Thursday, August 9, 2012

Pushing the Limits

by Katie McGarry

I really didn't think I would enjoy this book. I actually didn't even think it was for teens based on the cover. It seemed so heavy and mature. Of course, that's what this excellent young adult novel was. I stayed up last night until I finished it, and I know it will be popular in my library.

Something happened to Echo--something that involved the restraining order against her mom and the scars on her arms. Only, she can't remember what and is still overwhelmed by her brother's death two years before. Noah's parents died in a fire and after he defended his foster siblings from abusive foster parents, he is barely allowed to see his real brothers. Mrs. Collins is a clinical social worker running a pilot program to try and help teenagers under the care of Child Protective Services. She brings Echo and Noah together, hoping that they will be able to help each other attain their goals. She never imagines the intense relationship they will forge or how they will help each other much more than she intends.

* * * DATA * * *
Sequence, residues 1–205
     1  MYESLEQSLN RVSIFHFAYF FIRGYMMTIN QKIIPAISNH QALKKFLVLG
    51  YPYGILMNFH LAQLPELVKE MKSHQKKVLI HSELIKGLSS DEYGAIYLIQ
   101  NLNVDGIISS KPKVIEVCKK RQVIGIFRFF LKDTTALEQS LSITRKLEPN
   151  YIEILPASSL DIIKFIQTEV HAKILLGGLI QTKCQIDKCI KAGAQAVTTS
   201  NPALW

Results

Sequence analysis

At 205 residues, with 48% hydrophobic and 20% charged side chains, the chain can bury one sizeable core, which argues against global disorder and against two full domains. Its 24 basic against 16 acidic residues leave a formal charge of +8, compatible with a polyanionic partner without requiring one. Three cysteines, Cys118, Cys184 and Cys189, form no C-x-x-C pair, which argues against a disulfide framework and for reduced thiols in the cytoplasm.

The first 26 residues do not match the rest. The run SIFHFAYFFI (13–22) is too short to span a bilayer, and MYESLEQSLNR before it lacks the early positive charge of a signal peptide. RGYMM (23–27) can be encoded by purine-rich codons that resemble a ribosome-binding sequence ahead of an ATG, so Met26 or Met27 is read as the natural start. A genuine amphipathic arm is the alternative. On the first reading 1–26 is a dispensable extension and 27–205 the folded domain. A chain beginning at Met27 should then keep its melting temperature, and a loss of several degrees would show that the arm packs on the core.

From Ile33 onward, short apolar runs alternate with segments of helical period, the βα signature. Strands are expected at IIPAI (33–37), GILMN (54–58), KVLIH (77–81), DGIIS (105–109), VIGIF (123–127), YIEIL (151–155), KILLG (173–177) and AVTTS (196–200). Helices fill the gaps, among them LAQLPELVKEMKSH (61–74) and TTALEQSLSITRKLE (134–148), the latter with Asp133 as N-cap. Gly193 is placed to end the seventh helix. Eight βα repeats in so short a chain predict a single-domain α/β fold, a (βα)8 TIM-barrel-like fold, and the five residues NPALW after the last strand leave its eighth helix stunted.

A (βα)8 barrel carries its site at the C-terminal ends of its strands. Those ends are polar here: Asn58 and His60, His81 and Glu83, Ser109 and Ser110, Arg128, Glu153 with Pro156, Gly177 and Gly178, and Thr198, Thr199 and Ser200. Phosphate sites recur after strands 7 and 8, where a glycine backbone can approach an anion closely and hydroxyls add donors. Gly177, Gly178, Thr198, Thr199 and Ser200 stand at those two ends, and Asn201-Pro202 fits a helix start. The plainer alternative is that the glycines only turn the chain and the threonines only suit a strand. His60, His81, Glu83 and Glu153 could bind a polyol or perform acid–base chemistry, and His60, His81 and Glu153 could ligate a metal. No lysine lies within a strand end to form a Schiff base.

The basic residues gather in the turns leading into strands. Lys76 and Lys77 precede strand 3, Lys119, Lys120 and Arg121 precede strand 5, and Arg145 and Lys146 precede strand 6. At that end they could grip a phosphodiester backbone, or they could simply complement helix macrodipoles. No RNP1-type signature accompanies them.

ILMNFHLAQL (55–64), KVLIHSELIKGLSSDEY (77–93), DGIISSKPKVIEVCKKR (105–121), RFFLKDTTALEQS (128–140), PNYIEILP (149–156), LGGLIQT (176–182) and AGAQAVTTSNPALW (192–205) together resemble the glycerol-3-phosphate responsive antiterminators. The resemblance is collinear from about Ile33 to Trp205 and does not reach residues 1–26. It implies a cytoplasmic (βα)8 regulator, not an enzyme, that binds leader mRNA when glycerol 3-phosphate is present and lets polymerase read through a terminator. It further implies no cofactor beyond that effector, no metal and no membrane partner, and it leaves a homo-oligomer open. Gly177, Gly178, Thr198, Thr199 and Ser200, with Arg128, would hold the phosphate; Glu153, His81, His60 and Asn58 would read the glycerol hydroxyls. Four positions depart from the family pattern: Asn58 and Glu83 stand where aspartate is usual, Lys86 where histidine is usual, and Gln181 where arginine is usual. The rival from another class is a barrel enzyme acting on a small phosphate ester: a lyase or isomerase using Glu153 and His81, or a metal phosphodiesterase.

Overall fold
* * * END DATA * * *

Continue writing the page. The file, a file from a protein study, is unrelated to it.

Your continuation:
I've read some reviews that said this book is light on plot, and perhaps it may appear that way, but what Pushing the Limits does excellently, is show how two people survive. Traumatic experiences for high school students are all-encompassing. It takes tremendous internal struggle to move on. Katie McGarry captures this along with the burgeoning relationship.

Wednesday, August 8, 2012

Throne of Glass

Celaena is jail. No, more of a labor camp than jail. And though she hasn't managed to escape yet, her  notoriety as the deadliest assassin in the kingdom has proved true.

Celaena is released from jail by the prince so that she can compete in a competition and hopefully become the king's champion. Seeing this as her only way out, Celaena agrees, despite her obvious hatred for the King. But there is evil and a little bit of fantasy afoot in the competition and the King's castle.

This is clearly the only the first book about Celaena, as author Sarah J. Maas, leaves many questions unanswered, but allows her protagonist to forge friendships and more and readers will certainly be interested in the following books.

Read-a-likes: Anything by Kristin Cashore, and Grave Mercy by R.L. LaFevers.